The pan, however, should have been bigger.
Everything eventually fit. I used button mushrooms instead of shiitake because, well, because I already had some in the fridge.
That little copper pot I bought last week ended up being the best pot to cook rice in that I have ever had. It made perfect rice!
The finished product. Light, fresh, and delicious.

Thursday, August 10, 2017

Cleaning Up Some New Finds

Last week I did a little thrifting and, stopping by a local antique and collectibles market, found some dirty items. It's been a while since I've had time to go on a hunt, so I was pretty happy with my small finds. Back at home I grabbed the Bar Keeper's Friend and went to town. In very little time they were almost back to their original, shining finishes.
The small sauteuse pan and square brass tray had certainly seen years of neglect. But at $12 for the pan and $3 for the tray I was more than willing to take the risk of them not coming clean.
Some Bar Keeper's Friend and a little elbow grease and the grime began to disappear instantly.
The brass tray came clean as well. The pan will clean up even more over time, use, and washing. I always clean the copper pots every time I use them, and never put them in the dishwasher.
I'm not sure where the tray will go, but the pot looks great joining the rest of my collection of copper. Even if I had to hang the lid on a different pot's handle.

Thursday, August 3, 2017

Happy 75th, Martha!

I know I've told this story before, but I'm going to tell it again...A long, long time ago on West Jefferson in one of those enormous apartments that cost next to nothing and no longer exist in West Central, I stuck some white peonies I had found in the alley into a jar. "Very 'Martha Stewart'," my dearest friend, Erin, commented upon seeing it. What? Martha who???

Of course my older sister was already a subscriber to Martha Stewart Living, and after a flip through one issue I was hooked. It all just clicked! Cooking, gardening, decorating, entertaining, even cleaning! This lady was teaching me how to do everything the fastest way and with the best results. It was a Good Thing, indeed!

Any reader of my blog already know how nuts I am about Martha and her aesthetic. The ideas she and her editors, designers, gardeners, chefs and house keepers have shared and continue to share for the past 35 years (if you go way back to the publication of Entertaining) has inspired me in countless ways.

Here's a look at an old post I put up 5 years ago to celebrate her 70th. It's a little amazing to look at this and see how my tastes have changed and my collections have grown. I should do an updated version of this entire post. I did add some newer photos of Cantitoe Corners from my drive-by in April.

I love this picture, and it hangs (rather tongue-in-cheek) in my kitchen. (Now, in 2017, it hangs on a large gallery wall.)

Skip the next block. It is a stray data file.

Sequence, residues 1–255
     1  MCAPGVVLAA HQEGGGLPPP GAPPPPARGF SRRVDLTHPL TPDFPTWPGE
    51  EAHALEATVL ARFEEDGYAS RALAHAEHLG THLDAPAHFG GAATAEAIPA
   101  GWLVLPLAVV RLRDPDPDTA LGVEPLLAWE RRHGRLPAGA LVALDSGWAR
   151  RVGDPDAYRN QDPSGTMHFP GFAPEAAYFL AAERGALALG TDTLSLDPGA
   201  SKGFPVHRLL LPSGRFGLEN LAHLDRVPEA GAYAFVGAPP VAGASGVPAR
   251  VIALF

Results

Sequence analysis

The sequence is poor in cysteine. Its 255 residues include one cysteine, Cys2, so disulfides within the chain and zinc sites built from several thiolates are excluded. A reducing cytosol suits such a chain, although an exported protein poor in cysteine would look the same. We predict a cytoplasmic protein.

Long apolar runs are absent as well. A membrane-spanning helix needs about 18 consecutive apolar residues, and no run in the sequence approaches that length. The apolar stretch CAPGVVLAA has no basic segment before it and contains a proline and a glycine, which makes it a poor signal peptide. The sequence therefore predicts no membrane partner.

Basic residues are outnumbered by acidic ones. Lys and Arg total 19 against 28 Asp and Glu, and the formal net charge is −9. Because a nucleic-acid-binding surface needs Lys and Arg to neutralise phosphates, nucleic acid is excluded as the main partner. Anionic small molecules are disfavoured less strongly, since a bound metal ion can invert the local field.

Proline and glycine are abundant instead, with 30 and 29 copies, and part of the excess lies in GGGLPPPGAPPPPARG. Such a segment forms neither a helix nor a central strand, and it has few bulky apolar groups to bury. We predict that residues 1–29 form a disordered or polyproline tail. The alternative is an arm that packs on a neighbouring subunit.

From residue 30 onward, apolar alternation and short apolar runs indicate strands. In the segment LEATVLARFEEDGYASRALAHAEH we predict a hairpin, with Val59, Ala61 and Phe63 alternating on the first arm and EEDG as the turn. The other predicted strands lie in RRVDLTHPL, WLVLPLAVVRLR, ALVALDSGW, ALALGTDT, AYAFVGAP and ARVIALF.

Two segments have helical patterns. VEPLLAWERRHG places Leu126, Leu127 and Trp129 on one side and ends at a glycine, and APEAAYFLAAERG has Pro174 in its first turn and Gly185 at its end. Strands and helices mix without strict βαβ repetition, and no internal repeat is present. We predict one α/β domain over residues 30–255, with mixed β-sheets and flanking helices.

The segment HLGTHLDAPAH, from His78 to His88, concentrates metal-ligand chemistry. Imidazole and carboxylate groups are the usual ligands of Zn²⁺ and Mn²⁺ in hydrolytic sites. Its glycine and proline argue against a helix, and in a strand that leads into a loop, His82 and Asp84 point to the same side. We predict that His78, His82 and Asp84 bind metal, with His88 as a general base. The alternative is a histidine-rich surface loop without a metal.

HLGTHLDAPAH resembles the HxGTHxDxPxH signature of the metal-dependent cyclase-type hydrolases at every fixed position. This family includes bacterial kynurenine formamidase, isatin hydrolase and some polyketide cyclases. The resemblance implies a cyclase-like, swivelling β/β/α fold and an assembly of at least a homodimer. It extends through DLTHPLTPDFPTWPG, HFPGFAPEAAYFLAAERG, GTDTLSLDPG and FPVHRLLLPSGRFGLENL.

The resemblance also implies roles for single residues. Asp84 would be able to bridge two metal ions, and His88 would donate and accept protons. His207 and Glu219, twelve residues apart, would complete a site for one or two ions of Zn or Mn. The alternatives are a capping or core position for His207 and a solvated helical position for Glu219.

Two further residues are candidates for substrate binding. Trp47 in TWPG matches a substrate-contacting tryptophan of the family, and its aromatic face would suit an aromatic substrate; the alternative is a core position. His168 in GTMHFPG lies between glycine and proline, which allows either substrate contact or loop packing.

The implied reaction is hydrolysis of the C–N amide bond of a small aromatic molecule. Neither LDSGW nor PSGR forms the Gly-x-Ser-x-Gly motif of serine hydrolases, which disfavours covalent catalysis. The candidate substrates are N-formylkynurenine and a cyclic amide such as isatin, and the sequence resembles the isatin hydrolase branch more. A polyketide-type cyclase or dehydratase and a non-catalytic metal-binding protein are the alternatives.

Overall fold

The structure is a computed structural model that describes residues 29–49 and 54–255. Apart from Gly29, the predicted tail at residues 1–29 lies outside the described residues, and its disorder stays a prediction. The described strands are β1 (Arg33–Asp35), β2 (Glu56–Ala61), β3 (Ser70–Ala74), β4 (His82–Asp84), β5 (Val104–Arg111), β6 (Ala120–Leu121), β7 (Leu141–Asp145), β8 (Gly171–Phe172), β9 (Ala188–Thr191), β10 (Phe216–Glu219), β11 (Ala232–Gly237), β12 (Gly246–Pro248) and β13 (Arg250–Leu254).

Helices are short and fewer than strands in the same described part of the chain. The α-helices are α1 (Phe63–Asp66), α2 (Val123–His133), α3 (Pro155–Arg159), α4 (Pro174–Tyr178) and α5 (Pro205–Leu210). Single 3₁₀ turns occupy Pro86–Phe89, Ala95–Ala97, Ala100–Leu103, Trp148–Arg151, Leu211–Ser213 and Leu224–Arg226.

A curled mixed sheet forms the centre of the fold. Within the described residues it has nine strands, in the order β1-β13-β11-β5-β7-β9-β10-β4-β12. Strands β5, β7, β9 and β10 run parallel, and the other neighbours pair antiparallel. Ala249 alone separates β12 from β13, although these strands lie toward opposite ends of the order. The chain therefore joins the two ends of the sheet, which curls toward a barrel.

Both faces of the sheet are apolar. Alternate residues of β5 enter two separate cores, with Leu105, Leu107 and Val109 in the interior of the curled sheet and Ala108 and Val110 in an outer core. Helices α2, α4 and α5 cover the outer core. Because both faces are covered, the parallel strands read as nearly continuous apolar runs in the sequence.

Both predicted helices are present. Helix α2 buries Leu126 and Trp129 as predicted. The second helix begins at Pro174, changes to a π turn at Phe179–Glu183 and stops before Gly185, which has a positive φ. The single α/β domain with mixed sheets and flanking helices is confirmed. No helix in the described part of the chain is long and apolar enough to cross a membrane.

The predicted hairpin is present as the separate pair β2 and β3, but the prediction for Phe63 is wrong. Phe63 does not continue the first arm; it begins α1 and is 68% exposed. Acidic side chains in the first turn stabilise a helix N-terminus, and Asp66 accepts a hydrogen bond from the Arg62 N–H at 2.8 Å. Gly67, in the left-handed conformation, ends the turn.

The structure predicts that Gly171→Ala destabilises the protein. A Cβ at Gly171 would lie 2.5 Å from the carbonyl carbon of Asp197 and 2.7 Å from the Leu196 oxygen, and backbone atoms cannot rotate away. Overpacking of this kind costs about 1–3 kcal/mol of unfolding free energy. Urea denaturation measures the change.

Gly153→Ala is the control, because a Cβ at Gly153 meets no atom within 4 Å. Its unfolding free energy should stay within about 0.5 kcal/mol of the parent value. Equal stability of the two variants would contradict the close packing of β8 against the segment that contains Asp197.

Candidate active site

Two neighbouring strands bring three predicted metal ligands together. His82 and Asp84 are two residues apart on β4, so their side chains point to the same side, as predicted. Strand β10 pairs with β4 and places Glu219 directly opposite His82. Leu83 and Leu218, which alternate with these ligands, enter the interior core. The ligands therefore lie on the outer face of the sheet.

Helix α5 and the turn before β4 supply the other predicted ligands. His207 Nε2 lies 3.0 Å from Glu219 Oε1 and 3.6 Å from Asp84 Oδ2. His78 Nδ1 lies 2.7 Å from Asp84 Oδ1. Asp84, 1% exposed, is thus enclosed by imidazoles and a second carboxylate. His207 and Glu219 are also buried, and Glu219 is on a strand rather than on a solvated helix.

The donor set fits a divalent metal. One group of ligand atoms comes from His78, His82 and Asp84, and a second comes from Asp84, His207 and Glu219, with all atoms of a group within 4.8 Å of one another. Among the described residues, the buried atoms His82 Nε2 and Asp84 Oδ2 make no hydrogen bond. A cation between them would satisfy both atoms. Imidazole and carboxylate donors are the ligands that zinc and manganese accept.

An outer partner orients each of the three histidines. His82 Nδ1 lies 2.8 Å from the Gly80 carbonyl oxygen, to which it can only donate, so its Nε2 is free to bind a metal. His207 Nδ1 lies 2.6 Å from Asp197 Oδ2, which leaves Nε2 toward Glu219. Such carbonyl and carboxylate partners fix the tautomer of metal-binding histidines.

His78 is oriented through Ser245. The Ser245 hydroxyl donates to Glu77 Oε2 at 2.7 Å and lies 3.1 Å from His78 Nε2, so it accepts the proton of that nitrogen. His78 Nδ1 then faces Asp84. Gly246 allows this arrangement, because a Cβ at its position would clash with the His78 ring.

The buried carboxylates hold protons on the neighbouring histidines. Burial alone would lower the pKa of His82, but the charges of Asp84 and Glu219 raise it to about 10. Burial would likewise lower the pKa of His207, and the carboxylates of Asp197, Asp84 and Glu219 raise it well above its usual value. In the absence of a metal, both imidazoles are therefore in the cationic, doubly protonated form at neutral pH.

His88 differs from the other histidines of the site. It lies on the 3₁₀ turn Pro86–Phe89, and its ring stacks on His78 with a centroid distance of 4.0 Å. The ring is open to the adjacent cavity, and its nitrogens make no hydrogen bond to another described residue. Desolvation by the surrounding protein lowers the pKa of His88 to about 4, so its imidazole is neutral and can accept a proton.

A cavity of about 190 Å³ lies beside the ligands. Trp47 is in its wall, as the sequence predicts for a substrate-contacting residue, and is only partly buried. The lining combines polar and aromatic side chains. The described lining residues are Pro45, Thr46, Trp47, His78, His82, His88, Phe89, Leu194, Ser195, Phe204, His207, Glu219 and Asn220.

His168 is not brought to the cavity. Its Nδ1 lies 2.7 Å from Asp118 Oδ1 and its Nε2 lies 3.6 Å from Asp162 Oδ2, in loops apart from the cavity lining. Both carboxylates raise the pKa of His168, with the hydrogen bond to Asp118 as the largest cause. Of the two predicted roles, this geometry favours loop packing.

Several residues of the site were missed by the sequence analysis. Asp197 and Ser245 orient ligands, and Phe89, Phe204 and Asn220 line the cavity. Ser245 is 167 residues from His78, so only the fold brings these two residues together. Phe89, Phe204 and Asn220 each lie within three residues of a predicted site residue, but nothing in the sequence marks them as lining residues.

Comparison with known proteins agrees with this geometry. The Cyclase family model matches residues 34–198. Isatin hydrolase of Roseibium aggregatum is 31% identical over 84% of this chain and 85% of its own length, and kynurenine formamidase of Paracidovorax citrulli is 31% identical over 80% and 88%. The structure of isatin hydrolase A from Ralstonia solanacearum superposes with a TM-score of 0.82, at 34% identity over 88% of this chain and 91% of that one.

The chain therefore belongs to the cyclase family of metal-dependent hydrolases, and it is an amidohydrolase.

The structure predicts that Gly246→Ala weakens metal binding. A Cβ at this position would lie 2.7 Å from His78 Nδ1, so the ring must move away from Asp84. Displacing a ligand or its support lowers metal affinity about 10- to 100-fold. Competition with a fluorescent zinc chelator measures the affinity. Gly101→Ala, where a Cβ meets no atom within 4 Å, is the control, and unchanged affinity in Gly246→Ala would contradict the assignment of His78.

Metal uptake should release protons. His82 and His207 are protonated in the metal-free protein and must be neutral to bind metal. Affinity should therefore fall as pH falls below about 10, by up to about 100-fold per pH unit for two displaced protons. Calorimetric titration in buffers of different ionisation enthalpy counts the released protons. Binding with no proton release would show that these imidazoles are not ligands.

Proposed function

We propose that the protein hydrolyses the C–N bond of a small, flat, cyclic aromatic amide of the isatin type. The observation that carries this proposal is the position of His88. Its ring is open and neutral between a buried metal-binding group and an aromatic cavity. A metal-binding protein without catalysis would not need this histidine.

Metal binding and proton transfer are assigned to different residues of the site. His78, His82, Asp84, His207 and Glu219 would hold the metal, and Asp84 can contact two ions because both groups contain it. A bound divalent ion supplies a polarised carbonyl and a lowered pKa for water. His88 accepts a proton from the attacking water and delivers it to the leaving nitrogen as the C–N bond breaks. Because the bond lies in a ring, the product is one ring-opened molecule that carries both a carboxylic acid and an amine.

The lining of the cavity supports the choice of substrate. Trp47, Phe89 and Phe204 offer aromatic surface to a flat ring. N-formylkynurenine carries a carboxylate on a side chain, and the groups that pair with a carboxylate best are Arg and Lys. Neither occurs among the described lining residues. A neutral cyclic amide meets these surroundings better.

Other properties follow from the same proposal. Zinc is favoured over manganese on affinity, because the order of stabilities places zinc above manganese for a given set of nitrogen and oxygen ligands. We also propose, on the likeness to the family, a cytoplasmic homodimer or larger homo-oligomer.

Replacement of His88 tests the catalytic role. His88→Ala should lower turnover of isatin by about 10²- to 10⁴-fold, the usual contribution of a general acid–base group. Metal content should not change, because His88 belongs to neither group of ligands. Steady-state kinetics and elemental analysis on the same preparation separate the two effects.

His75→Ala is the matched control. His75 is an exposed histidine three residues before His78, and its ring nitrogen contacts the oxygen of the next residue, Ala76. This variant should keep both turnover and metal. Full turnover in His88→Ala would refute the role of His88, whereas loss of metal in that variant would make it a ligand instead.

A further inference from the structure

Where it all began-my collection of Fireking Jadeite. I loved the hunt (and still do) finding pieces in thrift stores and antique shops. I've backed off a bit, but still pick things up when it's a good deal. When I started collecting 12 or so years ago, the pieces were still pretty moderately priced...now they cost a bit more.
The Jadeite led me to Wedgwood drabware. My collection is tiny, and I say that it is now the only thing I will buy (to try and curb my Plate Collecting Disorder)...but everyone knows that is not true.
The first major purchase I ever made (by major I mean something that cost over $100) was this spice rack from the Martha by Mail catalog. It came complete with spices (don't worry...they have all been replaced many times) and I love it as much today as I did all those years ago.
The kitchen is where a lot of the "Good Things" come into play-like my pots taking the place of curtains, and hung on a simple rod.
Of course the legendary "original" Good Thing-decanting dish soap into a glass bottle. (Martha Stewart Clean products make my life easier, as well!)
Martha first taught me about faux bois...and my small but growing collection of concrete or terracotta vessels designed to look like wood is a new interest.
Of course color is a constant inspiration, and ever since her paint was available at K-Mart I have had a paint chip board above (or near) my desk.
And the books and magazines. Some think my keeping the magazines is ridiculous, but I promise you I still flip through them (usually pulling all of the past issues of the current month to go through) all the time.
So this post wouldn't be complete without some pics of two separate "Drive-Bys". My friend Christina's childhood home was pretty close to Turkey Hill ("where it all began") in Westport, Connecticut.



Driving to Connecticut last April, I tricked Contractor into driving by Martha's farm in Katonah, New York. Here is the approach of the Summer House.

It always surprises me when I am reminded of just how close to the road all of the buildings are. The Summer House is used for entertaining, as well as a repository for Martha's vast library.

The original owner of the property would move to the 18th Century Summer House in summer, and back to Martha's primary residence, the Winter House (which was presumably better insulated), in the colder months.

Passing the Winter House. Martha sort of re oriented the buildings along Girdle Ridge Road to face inward onto the 150 acre farm rather than face the road. Thus the "front", or road side, facade is actually the "back". The Winter House was built in the 1920's as a "fancy farmhouse".

Here you can clearly see the deer fencing that surrounds the property.

Next up is the little Tenant House built toward the end of the 19th Century.

The large glasshouse Martha commissioned for her extensive collections of tropical plants. In addition there are several hoop houses as well as a vegetable greenhouse where Martha grows vegetables in the ground year round.

I absolutely love the little pond house built into the wall and painted Bedford Gray like every other building on the property.

On the way out I made Contractor turn down Maple Avenue to catch a glimpse of the roof line of her stables. All of this is so familiar from The Martha Blog, it's almost surreal to see it in person.

I hope you enjoyed this little old/new post. Happy birthday, Martha!